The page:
This is part two or our explanation of digital SLR cameras, if you missed the first part, you can click here to read it. We are going to look at some of the key features that gives identity to a digital SLR
over the digital cameras that we all know and use every day.
You attach a lens to suite your present need
Another feature of the DSLR is that the lens can be changed and the photographer can attach any to suite the need.
Ever seen those big time photographers holding up BIG cameras and continuously moving their fingers to adjust their protruding camera lenses. If you have then you've probably seen a digital SLR camera in action. Of course the photographer does not need to continuously adjust the lens as there is an optical system that allows the DSLR to maintain focus on a subject.
Using the right lens to shoot a scene can make all the difference to the quality of your picture. You need a different digital SLR lens for a different scene - this is where using these cameras can require a professional as they may know or a hobbyist whose dedication and passion can enable him or her to develop the skill to use the DSLRs. We discuss this in detail on the digital SLR camera lens section .
Large image sensors that produce high picture quality
An IMAge sensor is a device found inside a camera that is used t convert a visual image to an electronic signal. The typical image sensor is about 35mm, which is the same size as a camera film. Digital SLRs have large image sensors that produce high-quality photos. These come in various sizes with medium format being the largest ones. These largeness means better quality but also high price.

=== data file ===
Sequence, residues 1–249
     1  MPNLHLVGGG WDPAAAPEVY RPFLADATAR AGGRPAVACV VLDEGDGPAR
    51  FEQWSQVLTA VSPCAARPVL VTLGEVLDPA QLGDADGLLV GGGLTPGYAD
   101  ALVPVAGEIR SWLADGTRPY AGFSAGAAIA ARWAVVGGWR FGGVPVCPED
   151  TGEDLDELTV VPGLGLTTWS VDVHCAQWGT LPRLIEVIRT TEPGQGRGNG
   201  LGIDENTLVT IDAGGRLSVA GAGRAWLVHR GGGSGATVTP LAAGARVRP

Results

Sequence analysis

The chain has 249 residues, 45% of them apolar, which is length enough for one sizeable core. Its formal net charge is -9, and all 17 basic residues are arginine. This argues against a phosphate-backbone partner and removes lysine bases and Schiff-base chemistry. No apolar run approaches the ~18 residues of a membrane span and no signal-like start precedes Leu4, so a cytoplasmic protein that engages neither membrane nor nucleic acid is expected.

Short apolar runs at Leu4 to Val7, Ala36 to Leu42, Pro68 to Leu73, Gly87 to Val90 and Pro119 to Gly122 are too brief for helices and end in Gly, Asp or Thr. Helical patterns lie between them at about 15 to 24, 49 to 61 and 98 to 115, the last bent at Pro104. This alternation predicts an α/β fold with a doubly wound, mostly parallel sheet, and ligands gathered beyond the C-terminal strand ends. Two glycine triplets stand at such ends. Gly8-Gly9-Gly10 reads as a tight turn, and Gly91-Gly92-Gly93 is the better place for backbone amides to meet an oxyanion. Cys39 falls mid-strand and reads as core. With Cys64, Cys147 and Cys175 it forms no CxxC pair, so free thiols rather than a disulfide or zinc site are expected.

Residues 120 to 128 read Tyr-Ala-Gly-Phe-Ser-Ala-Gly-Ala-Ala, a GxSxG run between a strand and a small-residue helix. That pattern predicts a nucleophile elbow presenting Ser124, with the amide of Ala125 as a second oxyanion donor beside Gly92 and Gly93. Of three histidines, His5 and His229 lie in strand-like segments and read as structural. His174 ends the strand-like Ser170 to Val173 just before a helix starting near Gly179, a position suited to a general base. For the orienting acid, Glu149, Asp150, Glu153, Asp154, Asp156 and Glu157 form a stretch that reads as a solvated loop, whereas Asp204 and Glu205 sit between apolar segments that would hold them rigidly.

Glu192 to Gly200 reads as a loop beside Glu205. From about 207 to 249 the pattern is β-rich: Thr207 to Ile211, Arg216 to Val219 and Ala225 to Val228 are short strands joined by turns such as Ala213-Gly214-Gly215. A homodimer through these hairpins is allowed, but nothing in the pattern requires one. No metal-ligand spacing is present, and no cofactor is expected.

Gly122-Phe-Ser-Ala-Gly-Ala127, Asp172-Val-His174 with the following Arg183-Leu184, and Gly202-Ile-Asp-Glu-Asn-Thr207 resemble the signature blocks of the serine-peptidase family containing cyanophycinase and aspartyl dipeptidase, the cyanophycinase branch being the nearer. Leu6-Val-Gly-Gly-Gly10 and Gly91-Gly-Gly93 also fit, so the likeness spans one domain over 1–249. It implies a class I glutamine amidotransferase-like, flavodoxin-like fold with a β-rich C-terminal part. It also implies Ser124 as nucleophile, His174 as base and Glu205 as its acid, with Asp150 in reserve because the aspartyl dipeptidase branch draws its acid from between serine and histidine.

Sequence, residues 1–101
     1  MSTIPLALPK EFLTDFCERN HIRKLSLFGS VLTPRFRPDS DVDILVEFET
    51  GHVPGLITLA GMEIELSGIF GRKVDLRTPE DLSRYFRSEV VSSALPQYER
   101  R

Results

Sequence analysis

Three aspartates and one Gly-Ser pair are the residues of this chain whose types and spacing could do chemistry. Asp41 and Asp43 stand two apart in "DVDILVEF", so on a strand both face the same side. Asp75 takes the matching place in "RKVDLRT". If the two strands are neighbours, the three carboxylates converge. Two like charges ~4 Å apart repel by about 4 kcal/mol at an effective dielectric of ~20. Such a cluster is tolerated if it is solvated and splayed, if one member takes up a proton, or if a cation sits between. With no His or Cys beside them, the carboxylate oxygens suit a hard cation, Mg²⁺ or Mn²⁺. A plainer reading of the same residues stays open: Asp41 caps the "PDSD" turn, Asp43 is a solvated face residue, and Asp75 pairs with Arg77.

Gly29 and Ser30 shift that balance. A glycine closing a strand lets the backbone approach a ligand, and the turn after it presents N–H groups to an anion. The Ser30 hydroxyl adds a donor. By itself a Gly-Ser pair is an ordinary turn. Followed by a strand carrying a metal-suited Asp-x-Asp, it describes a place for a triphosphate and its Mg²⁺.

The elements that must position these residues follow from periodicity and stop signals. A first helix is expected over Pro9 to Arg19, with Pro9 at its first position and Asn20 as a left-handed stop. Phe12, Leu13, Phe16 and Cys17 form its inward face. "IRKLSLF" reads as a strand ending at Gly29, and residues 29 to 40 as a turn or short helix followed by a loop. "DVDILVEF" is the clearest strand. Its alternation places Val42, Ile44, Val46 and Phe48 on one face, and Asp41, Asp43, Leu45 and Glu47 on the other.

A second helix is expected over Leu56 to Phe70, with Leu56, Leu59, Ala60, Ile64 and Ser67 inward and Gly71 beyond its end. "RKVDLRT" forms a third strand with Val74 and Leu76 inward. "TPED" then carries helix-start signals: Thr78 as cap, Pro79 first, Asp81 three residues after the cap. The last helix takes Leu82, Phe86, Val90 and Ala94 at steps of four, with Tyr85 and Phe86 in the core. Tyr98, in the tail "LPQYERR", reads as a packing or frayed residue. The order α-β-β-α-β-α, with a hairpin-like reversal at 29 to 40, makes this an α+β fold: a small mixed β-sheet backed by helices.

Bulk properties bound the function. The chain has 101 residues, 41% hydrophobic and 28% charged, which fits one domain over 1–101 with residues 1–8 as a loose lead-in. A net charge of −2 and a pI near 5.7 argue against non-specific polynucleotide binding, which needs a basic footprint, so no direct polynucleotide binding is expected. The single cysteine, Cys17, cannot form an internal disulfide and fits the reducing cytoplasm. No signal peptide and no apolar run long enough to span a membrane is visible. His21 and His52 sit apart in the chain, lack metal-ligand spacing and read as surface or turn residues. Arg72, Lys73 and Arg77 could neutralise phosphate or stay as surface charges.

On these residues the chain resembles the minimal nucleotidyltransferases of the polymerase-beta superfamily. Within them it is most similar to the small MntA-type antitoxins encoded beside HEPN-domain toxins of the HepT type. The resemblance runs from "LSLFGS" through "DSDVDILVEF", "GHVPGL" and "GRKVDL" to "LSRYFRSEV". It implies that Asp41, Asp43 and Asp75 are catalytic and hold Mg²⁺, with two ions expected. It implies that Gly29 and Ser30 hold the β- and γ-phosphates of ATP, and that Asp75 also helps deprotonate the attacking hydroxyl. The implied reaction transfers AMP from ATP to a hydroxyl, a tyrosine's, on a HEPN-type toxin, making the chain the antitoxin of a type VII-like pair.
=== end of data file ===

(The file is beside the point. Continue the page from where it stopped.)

There are also full-frame sensors which essentially are the same size as the camera film i.e. 35mm. We will not go over the full list of sensors available out there but we hope you get the idea that the bigger the sensor the better the quality but also the more expensive the digital SLR camera is likely to be. In essence all of the sensors used in DSLRs are much larger than the sensors found in digital cameras.
In addition, the larger the size of the sensors the better the control of what is known as depth of field. This means a photographer can blur a part of an image to make another part more clearer. We discuss this in detail on the digital SLR camera sensors section .
Quick click and shoot - no lag time
An SLR has a near-zero lag time, and is ideal for action photography. You can take any moving image and capture the exact moment intended, which is often not possible with most digital cameras.
By now you must have a pretty good idea what a digital SLR camera is and you are probably starting to have an idea if you need one or better stick with the conventional digital camera.
Back to part 1: The anatomy of a digital SLR camera, read how it works
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